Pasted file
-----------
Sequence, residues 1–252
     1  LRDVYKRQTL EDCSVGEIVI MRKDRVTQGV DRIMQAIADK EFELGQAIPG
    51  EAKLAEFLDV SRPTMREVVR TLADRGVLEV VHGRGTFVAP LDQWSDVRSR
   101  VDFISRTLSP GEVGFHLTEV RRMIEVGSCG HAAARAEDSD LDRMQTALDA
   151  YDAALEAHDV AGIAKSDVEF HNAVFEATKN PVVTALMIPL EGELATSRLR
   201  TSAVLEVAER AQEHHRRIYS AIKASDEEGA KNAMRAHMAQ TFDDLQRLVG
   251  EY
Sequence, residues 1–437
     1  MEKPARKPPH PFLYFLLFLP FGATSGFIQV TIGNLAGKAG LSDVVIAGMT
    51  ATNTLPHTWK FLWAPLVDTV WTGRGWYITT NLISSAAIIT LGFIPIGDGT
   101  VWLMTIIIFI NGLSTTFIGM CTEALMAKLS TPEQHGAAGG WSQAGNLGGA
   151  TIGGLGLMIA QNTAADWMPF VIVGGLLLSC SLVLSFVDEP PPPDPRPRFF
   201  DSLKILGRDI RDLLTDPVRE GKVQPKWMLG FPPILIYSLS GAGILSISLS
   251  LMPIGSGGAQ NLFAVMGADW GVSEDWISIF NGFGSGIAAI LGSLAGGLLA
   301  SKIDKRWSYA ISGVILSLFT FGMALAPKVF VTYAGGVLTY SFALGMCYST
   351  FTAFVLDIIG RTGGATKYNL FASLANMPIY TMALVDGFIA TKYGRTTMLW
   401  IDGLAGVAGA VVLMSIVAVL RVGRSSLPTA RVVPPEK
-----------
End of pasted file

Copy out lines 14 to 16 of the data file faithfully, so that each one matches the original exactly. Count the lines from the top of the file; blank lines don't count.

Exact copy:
   251  LMPIGSGGAQ NLFAVMGADW GVSEDWISIF NGFGSGIAAI LGSLAGGLLA
   301  SKIDKRWSYA ISGVILSLFT FGMALAPKVF VTYAGGVLTY SFALGMCYST
   351  FTAFVLDIIG RTGGATKYNL FASLANMPIY TMALVDGFIA TKYGRTTMLW